Decca Records, the label of Brian Poole and The Tremeloes, must have been relieved when their act toppled The Beatles from number 1, as they had famously opted for them and turned the Fab Four down at auditions held on the same day – New Year’s Day 1962. As a London-based band, with a radio following, it had made commercial sense to do so.
Singer Brian Poole (born 2 November 1941) grew up in Barking, east London. He met two Alans, Blakley and Howard, at secondary school, and a shared love of rock’n’roll saw the original formation of The Tremeloes in 1956. Poole took on vocals and guitar, with Blakley also on guitar and Howard on bass. Guitarist Graham Scott also joined up, with the line-up completed by drummer Dave Munden in 1957.
Then known as just The Tremeloes, they quickly amassed a strong local following. Upon signing with Decca, the label insisted the band became Brian Poole and The Tremeloes, to follow prevailing fashions. Like other Merseybeat acts, they were in awe of rock’n’roll, Motown and other soul records, and their first single was their version of The Isley Brothers’ Twist and Shout, which came after The Beatles made it their album-closer on Please Please Me. They decided to cover similar ground with their follow-up, taking on The Contours’ classic from 1962.
Motown CEO Berry Gordy Jr had written Do You Love Me? with The Temptations in mind, but was struggling to find them. In the meantime he ran into The Contours and they performed a run-through. They were on the verge of being dropped, so were keen to make it theirs, but some band members believed it to be a pale imitation of Twist and Shout. They soon changed their tune when it became a huge hit.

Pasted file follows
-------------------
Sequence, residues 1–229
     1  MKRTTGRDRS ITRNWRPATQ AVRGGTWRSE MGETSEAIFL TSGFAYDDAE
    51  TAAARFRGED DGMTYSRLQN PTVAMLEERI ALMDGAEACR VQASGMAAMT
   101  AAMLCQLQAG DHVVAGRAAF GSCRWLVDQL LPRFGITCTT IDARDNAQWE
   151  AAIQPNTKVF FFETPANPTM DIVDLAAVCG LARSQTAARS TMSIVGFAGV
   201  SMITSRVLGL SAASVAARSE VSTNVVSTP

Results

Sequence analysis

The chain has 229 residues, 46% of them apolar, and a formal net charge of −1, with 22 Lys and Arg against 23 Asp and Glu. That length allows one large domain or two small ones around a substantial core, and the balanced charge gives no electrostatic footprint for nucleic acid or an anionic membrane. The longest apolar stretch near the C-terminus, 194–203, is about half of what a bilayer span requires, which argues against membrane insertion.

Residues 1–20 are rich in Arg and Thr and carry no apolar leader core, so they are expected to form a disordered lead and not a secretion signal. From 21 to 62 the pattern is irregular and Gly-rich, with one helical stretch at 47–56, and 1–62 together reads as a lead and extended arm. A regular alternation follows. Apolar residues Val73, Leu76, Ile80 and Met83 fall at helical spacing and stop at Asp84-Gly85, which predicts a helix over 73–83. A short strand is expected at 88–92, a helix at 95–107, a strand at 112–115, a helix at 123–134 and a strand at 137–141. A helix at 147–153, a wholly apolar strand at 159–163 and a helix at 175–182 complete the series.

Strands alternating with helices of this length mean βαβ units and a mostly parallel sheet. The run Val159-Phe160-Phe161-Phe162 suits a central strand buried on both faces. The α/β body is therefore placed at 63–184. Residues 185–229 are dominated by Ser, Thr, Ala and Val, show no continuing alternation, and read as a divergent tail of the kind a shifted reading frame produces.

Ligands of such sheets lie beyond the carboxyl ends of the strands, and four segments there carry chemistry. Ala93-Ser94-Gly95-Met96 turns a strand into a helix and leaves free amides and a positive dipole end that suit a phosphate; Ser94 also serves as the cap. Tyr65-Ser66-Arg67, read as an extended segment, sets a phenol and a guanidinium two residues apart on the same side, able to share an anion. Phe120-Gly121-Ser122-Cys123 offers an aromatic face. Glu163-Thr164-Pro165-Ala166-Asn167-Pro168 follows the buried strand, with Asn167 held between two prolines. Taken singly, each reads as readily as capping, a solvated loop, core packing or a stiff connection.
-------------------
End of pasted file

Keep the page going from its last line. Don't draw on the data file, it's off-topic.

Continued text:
Brian Poole and The Tremeloes clearly saw no problem in Do You Love Me? being so similar to their debut and were right to do so. The similarity is too close for my liking though, particularly near the end as they scream and shout their way into the chorus in exactly the same way The Beatles did in Twist and Shout. Ultimately, this number 1, although fast-paced and a very good facsimile of the Merseybeat sound, is a little bit too like a karaoke version for my liking. Poole doesn’t have the vocal prowess of Billy Gordon, and his spoken-word introduction is a little cringe-worthy. There’s some nice flourishes from the rhythm section, though.
The original has of course remained popular due in large part to its appearance in 1987 hit film Dirty Dancing. For me though, it tends to conjure up images of a young Jason Bateman as a werewolf in shoddy sequel, Teen Wolf Too, which came later that year.
Written by: Berry Gordy Jr
Producer: Mike Smith
Weeks at number 1: 3 (10-30 October)
Northern Irish footballer Alan McDonald – 12 October
10 October. The Conservatives were plummeting in opinion polls, thanks in large part to the Profumo affair, and Harold Macmillan had only just scraped through a parliamentary vote on his leadership. The 69-year-old had been struck down with prostate problems on the eve of the Conservative conference a few days earlier, and was operated on for prostate cancer. Although his doctor said he would be well enough to continue to run the country, Macmillan decided he had been offered a way out.
18 October: Harold Macmillan officially resigned from his hospital bed, and was succeeded a day later by Alec Douglas-Home. This proved controversial, as Douglas-Home was sitting in the House of Lords. To become Prime Minister, he renounced his peerage. A rather stiff, old-fashioned figure, like Macmillan before him, Douglas-Home looked decidedly outdated compared to Labour leader Harold Wilson, who was quickly gaining popularity.